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In January 1820, Maine petitioned Congress for statehood

200 years ago, Washington, D.C. was in a crisis, and Maine’s dream of becoming a state landed right in the middle of it.

MAINE, USA — In January of 1820, after taking all the preceding steps of a statewide vote to separate from Massachusetts, and then writing a constitution, Maine’s petition to become a state landed in Congress at the same time the House and Senate were deadlocked over allowing Missouri to join the union as a slave state. 

The battle was all about slavery, the first time the issue had come up in Congress since the U.S. Constitution was adopted, University of Maine historians Liam Riordan and Mary Freeman say.

Maine was a free state, and passions were high in most other northern states to oppose slavery. But Freeman says slavery then was not as big an issue in Maine.

“Even though they were not going to be Pro-abolition or pro-emancipation at this point in 1819-1820, they resented having Maine be tied to the expansion of slavery,” Freeman says.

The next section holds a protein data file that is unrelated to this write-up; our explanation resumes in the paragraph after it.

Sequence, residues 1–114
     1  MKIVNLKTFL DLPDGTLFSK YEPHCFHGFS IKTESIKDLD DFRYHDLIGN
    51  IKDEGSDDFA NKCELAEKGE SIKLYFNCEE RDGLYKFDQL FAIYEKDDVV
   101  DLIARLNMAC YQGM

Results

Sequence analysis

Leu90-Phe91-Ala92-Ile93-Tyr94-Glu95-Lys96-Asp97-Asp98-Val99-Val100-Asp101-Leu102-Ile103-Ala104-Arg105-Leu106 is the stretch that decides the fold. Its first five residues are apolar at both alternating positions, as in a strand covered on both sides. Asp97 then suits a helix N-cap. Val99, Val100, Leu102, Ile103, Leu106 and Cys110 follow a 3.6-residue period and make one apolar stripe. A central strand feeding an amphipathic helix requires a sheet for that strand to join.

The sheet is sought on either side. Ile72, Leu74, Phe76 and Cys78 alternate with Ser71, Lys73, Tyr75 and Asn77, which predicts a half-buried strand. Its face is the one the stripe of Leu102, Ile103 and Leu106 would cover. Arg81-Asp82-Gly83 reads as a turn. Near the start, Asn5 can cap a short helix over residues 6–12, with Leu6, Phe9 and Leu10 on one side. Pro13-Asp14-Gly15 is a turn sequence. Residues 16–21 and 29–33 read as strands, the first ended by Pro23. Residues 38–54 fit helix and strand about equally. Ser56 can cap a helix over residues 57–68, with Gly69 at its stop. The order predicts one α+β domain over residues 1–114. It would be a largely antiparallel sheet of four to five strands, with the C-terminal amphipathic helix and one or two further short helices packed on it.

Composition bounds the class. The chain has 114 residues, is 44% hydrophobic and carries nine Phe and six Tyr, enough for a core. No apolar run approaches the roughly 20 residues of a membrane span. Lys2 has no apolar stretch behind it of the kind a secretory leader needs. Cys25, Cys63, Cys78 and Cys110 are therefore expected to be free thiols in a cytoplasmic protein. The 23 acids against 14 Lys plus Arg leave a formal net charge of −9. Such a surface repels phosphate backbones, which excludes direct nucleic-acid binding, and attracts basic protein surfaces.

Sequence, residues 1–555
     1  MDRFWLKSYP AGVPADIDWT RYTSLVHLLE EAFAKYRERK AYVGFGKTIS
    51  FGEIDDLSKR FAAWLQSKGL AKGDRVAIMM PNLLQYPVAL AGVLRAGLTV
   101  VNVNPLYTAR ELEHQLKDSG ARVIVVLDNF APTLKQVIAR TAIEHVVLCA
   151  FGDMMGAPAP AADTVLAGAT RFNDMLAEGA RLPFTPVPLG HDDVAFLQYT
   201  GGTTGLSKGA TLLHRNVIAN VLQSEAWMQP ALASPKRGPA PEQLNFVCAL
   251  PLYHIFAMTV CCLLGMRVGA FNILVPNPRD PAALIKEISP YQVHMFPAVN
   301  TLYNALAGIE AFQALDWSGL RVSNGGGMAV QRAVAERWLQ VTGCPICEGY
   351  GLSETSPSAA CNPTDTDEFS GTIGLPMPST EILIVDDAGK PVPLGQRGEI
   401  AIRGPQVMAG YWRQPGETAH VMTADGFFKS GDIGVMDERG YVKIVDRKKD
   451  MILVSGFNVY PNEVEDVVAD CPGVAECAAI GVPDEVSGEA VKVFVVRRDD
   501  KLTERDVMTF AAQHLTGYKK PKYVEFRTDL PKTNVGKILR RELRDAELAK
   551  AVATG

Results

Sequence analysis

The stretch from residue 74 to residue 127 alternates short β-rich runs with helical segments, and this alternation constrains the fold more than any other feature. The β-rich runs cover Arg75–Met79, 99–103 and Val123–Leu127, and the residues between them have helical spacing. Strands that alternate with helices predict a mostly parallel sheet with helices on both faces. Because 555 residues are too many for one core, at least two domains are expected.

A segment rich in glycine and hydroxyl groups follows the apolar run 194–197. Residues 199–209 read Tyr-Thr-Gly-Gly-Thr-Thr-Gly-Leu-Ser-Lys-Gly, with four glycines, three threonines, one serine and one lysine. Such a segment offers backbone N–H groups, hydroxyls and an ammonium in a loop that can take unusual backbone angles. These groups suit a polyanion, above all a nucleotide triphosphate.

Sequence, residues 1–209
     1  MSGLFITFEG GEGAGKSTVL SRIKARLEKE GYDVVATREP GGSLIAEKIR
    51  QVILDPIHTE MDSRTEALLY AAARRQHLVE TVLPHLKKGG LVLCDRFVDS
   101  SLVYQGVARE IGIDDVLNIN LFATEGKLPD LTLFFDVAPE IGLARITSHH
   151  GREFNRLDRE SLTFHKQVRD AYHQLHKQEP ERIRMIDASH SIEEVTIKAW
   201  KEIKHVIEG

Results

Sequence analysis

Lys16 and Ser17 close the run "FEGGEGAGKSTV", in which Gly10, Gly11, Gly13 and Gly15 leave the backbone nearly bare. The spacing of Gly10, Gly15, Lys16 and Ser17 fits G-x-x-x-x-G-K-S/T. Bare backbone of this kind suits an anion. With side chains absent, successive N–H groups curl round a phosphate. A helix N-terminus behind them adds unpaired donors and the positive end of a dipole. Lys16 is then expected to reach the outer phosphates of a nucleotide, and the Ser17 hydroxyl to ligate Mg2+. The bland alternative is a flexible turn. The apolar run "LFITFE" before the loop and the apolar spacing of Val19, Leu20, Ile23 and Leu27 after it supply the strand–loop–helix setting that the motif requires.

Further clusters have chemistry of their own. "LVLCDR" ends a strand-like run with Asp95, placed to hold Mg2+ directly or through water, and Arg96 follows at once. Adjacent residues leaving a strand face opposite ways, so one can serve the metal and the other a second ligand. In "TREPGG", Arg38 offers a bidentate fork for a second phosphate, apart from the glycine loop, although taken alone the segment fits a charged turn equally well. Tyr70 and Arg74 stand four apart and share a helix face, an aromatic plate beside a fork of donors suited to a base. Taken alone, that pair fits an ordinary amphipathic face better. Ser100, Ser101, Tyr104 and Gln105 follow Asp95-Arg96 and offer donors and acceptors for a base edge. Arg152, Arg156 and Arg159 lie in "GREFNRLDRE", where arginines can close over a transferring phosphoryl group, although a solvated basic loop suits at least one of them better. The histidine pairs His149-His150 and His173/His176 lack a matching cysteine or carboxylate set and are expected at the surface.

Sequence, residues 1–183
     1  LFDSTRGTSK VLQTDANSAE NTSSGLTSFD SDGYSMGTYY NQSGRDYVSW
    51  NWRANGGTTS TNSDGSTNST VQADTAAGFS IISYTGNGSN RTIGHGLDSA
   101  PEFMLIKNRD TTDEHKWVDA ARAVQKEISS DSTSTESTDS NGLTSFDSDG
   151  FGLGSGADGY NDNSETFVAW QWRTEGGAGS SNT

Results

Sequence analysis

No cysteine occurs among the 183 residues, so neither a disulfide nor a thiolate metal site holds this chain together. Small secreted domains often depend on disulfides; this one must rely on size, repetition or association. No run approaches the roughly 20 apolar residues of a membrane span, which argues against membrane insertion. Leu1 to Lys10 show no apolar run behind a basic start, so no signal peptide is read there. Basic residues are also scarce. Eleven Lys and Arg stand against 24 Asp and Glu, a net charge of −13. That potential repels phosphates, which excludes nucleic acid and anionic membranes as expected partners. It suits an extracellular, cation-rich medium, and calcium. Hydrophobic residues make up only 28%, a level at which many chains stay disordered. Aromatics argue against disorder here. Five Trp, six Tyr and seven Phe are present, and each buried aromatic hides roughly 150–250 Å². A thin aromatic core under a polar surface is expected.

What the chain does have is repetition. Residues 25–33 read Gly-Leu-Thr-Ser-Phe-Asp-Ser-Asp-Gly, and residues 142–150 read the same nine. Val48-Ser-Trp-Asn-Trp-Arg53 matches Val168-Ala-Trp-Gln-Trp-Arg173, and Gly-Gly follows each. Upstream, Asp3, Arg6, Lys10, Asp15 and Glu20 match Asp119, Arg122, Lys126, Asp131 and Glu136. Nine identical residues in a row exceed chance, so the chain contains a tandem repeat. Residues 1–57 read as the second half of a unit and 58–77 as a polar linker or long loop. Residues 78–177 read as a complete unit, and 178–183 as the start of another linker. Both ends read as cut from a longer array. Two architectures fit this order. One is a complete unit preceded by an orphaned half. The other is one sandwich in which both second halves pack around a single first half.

The deadlock in Congress—where slave and free states were equally divided— finally ended in the Missouri Compromise. Both states would be admitted to the union: Maine as a free state, Missouri as a slave state, thus keeping the balance. 

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And a line was created. The “36/30” line, at 36 degrees, 30 minutes latitude, the southern border of Missouri as a dividing line, with further expansion of slavery only allowed south of that line. Riordan says northern state representatives, including some from Maine, still objected, and the vote was very close.

“The vote that finally passes only passes the House by a vote of 90 to 87,” Riordan says. “There are seven congressmen from the district of Maine at this point. Five are opposed to statehood via this route, and only two are in favor. So if those two had voted differently would have led to a different outcome for slavery in Missouri.”

Maine officially became the 23rd state on March 15, 1820. But the battle over slavery was not ended by the Missouri Compromise, as slavery expanded and the abolitionist movement began to grow. 

Forty years later, the country would be torn apart by civil war, where more than 7,000 men from Maine would lose their lives.

The story and video have been updated to reflect corrected changes to a map of the U.S. from 1820.

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